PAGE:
By Samir Saran and Vivan Sharan
June 6, 2013 was the 10th year anniversary of the seminal Brasilia Declaration by the foreign ministers of India, Brazil and South Africa, formalizing the cooperative mechanism better known as India-Brazil-South Africa Dialogue Forum (IBSA).
India, currently the chair of IBSA, is responsible for steering the agenda for trilateral collaboration.
In its capacity as chair, it is incumbent upon India to revitalize the geopolitical group, which has been so central to the construct of “South-South Cooperation” that engages most political thinkers today.
Developing countries with converging interests have a lot to gain from coordinating positions on a wide spectrum of issues. And indeed India is also uniquely placed to establish its own global identity and brand through the group.
At the end of the Durban summit earlier this year, BRICS resembled a schizophrenic milieu; a strange mix of countries from the Group of 77 and Russia. Under South Africa’s chairmanship, there was a visible failure to shed the identity of reactionary “trade unionists.”
Moreover, consumed by regional aspirations of one member, instead of being representative of a fast moving lithe club of five, BRICS appeared to be burdened with carrying the divergent and diverse aspirations of an additional continent on its shoulders.
The IBSA countries must not let ownership of the South-South agenda slip away. This, we feel, would require at least three conceptual underpinnings.
First, the format for engagement must remain unburdened and the core values undiluted. That is, the dialogue must continue to follow the format already instituted. Proxy memberships of other countries through regional institutions, must not constrain the nimble grouping. Regional issues must be represented, without members themselves becoming stubborn regional representatives.
Second, a common thread which ties all three IBSA members is their robust democratic institutions and frameworks. Democratic values must be kept at the forefront. The legitimacy that such a governance ethos can bring is perhaps unmatched. The cries for reform of the existing global governance architecture converge with the imperative of ensuring legitimacy through democratic transparency.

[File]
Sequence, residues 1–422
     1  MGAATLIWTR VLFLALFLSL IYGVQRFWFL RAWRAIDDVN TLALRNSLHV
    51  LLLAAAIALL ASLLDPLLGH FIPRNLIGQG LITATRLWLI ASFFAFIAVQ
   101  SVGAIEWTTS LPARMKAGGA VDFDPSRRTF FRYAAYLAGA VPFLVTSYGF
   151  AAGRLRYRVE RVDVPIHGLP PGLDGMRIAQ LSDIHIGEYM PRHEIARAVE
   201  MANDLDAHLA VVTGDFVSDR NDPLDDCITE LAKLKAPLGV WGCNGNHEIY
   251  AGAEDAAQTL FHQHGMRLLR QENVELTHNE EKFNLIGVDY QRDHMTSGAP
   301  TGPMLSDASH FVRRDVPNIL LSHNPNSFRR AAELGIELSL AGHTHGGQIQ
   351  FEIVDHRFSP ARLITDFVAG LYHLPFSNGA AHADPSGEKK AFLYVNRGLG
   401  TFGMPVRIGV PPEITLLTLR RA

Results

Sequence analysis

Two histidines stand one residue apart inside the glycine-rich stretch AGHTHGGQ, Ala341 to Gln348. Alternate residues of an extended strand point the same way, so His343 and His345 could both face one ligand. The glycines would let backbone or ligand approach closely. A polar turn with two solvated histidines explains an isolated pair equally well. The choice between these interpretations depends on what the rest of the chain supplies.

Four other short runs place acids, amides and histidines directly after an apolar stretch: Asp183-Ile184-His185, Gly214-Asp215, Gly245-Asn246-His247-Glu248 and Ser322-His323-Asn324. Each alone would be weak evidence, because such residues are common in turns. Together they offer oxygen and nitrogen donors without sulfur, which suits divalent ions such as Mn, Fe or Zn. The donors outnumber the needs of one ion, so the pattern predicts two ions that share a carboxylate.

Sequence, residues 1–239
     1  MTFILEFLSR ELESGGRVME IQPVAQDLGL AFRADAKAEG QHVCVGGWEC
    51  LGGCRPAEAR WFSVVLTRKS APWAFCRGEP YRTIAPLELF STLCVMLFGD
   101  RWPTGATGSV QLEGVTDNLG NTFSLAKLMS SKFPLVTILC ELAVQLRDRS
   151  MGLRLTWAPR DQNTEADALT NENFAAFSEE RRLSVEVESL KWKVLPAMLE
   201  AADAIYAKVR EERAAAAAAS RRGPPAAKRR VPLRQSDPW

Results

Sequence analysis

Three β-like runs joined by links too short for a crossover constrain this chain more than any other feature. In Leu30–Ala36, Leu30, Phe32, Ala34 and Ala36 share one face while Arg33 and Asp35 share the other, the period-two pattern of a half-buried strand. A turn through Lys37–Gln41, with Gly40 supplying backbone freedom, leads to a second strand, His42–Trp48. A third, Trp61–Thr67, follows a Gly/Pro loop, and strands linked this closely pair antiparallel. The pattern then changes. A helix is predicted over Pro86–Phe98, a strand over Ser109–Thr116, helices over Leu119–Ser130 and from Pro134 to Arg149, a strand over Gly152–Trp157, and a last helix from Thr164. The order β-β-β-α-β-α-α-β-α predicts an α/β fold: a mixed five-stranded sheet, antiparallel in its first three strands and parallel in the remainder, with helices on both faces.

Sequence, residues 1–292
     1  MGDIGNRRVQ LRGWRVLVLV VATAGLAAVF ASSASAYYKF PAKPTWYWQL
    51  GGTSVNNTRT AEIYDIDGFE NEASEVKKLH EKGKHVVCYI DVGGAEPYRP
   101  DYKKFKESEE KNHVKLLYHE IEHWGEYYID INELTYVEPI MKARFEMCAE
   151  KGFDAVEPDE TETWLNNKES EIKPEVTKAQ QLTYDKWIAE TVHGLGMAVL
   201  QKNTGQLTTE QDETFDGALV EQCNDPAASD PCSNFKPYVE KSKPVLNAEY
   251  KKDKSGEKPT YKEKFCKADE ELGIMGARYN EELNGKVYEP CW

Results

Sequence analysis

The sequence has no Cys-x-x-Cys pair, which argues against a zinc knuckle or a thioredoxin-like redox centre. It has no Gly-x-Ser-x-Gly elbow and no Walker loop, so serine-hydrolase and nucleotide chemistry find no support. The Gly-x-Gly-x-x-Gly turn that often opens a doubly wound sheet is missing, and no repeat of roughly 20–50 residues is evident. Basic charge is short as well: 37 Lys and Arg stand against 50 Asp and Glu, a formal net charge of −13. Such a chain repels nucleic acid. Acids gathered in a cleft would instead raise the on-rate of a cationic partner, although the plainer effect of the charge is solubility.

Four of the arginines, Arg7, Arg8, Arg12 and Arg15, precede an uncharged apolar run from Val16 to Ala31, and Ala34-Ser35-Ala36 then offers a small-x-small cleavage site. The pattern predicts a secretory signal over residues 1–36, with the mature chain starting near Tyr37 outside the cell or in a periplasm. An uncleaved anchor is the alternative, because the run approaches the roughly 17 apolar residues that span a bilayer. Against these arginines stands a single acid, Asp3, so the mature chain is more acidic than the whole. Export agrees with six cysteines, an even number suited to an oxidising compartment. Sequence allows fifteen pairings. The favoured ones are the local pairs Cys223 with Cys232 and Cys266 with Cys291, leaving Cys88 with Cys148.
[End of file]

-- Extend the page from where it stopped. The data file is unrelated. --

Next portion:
IBSA offers member countries an audible voice on the global governance high table, and democracy is an undervalued and underutilized trump card that they each possess.
Finally, for each of the IBSA members, the next few decades need to be centred on inclusive growth. Each is an emerging “middle power,” and each needs to harness growth to craft sustainable trajectories, unleashing drivers of socio-economic progress including productivity, innovation and social welfare.
IBSA offers its members a moment for cooperating on this incumbent need. IBSA must focus on itself even as it reaches out.
A lot has already been discussed under the IBSA umbrella. Conversations on reform of Bretton Woods institutions, regional issues (particularly the Arab-Israeli imbroglio), sectoral cooperation ranging from tax administration to higher education, people-to-people linkages, free trade agreements, to name a few prominent areas, have taken place.
Additionally, we suggest that IBSA members must explore collaborating on three specific agenda items.
The first is that IBSA must reach out to other democracies, perhaps initially by according observer status to similarly placed countries. Replicating the format followed by the Shanghai Cooperation Organisation could be a viable alternative, and serve as a suitable whetting process for new members.
Second, IBSA must shed its reluctance to share its own deep reservoir of democratic experiences. Clearly, Atlantic countries cannot and do not offer the only appropriate models of development for democracies. In this post-Washington Consensus era, IBSA members possess a number of experiences which provide a template for the developing world. These must be mapped, shared and discussed.
The third concrete action item must be to move towards a new format for ocean governance. India-Brazil-South Africa Maritime, a naval exercise conducted between the three navies (an element of IBSA’s regional cooperation), is an ideal point of departure.
IBSA members can also begin to address issues dealt under the United Nations Convention on Law of the Sea, to develop a robust international framework for governing the oceans and seas. A new framework articulated by the South would have a compelling weight.
The conceptual underpinnings and agenda discussed here can prove to be levers of IBSA’s transformation. The decade old cooperative mechanism has endured, and now it is time for it to mature and deliver.
Samir Saran is Vice President and Vivan Sharan an Associate Fellow at Observer Research Foundation, Delhi.
As published in The Global Times